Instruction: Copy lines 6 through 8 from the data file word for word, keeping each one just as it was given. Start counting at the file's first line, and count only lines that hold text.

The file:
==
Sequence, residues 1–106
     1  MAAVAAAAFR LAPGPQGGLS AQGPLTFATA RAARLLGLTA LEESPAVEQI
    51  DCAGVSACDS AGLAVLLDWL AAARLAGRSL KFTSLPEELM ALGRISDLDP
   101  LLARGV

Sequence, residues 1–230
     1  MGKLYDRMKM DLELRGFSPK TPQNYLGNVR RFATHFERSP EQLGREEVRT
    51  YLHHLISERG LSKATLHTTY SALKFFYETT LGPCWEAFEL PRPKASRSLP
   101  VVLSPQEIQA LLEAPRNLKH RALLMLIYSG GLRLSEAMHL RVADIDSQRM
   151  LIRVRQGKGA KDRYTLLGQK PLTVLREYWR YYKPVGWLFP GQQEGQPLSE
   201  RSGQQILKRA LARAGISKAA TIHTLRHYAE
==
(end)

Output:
     1  MGKLYDRMKM DLELRGFSPK TPQNYLGNVR RFATHFERSP EQLGREEVRT
    51  YLHHLISERG LSKATLHTTY SALKFFYETT LGPCWEAFEL PRPKASRSLP
   101  VVLSPQEIQA LLEAPRNLKH RALLMLIYSG GLRLSEAMHL RVADIDSQRM